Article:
Private initiative to patrol N2 halted over flashing lights disagreement

Private initiative to patrol N2 halted over flashing lights disagreement

A private initiative to patrol portions of Cape Town’s N2 highway has been put on hold amid a disagreement over the use of flashing lights.

Patrol organisers felt the flashing aided motorists travelling in the dark but a city official said using these lights was against the law.

The Somerset West Community Policing Forum, together with Helderberg Crime Watch, had organised a patrolling private security vehicle three months ago.

This followed the death of Warrant Officer Petrus Holz, 50, who was stabbed on the N2 near Macassar.

The CPF’s chair Billy Smith said on Wednesday that a flashing white light on the vehicle allowed a security officer to warn motorists of obstacles planted in the road.

Patrolling when it was still dark at 04:00, an officer could stop, put the lights on and then remove rocks or bricks strewn about.

“We cannot expect him to use his hazard lights and a torch. He would be committing suicide.”

He was surprised when a member of the city’s ghost squad pulled the vehicle over on Friday and gave the security officer a summons.

He said the vehicle had not been flashing lights at the time.

“For three months we have been patrolling and not once did this become an issue.”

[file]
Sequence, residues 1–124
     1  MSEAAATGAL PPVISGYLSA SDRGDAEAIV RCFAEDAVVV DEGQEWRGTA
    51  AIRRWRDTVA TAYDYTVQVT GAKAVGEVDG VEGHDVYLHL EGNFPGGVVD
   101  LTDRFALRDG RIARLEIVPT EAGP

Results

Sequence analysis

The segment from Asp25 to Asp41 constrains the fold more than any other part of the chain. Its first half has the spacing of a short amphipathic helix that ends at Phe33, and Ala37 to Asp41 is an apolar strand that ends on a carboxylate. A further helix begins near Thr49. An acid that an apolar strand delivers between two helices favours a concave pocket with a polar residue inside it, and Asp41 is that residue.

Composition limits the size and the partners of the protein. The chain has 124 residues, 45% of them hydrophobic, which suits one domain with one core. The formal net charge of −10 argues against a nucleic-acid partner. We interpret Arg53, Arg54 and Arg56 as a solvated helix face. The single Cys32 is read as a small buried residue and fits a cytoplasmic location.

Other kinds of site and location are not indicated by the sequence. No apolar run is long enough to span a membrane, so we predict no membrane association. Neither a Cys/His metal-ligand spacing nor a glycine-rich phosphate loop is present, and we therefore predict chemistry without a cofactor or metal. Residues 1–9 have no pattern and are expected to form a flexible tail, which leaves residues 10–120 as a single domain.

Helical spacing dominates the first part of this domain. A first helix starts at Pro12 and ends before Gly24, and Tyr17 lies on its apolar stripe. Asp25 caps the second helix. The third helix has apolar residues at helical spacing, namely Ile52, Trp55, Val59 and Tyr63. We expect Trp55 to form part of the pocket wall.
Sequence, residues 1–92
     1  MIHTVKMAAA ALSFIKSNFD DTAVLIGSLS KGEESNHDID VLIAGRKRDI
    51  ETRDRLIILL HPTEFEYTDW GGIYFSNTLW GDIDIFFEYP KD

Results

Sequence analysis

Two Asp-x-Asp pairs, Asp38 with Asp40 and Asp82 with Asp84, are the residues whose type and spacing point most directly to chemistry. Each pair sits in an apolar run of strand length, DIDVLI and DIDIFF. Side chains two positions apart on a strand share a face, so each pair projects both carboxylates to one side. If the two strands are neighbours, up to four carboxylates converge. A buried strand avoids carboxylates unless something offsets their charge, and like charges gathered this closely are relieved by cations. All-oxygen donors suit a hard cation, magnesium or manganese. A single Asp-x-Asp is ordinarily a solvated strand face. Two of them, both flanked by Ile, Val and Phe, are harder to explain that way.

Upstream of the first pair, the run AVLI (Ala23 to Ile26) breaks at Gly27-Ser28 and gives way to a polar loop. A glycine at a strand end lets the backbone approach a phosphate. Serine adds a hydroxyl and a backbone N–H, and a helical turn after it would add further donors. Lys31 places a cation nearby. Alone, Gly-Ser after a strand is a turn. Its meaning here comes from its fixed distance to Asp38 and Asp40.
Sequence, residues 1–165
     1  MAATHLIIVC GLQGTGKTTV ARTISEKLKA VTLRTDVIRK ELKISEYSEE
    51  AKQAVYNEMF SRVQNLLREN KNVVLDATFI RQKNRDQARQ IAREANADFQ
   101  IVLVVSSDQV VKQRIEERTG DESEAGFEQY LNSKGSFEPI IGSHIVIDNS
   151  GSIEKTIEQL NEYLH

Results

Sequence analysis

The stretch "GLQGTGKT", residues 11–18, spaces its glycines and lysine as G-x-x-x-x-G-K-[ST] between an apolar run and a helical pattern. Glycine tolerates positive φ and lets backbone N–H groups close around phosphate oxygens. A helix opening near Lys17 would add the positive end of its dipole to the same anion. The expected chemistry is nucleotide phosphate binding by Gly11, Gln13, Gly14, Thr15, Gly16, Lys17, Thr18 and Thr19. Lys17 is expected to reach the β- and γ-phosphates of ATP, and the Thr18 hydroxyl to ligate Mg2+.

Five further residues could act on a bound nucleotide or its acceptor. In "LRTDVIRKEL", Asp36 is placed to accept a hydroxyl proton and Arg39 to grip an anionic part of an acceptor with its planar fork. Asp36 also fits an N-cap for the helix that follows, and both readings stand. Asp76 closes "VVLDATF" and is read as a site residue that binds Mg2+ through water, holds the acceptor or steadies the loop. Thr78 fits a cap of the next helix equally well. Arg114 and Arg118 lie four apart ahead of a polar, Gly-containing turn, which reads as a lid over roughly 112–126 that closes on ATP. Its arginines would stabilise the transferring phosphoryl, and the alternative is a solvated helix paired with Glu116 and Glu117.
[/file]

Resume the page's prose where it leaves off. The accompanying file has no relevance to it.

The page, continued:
Many motorists had even thanked them for their assistance.

However, organisers felt they had no choice but to halt the patrols as it was “impossible” to continue within the current framework of the law.

The city’s safety and security mayoral committee member JP Smith said on Wednesday they were not being fastidious or shortsighted but using flashing lights was a “slippery slope”.

“The city indicated we were happy for them to use the solid white light. The fact is that these things are governed by law.”

He said the vehicle was “suspended” three months ago for the light and again stopped last week.

“The security company is a much appreciated assistance. We have bent over backwards to accommodate them. But the improvement of safety is not dependent on the security companies. A lot of people are putting in a great deal of work.”

It was recommended that the group write to provincial transport MEC Donald Grant because he had the power to extend the national road traffic act.

Billy Smith said he would contact Grant straight away.

“All I am asking is that we carry on with this in the interim. I am asking them to turn a blind eye in the interim.”

Source – News24

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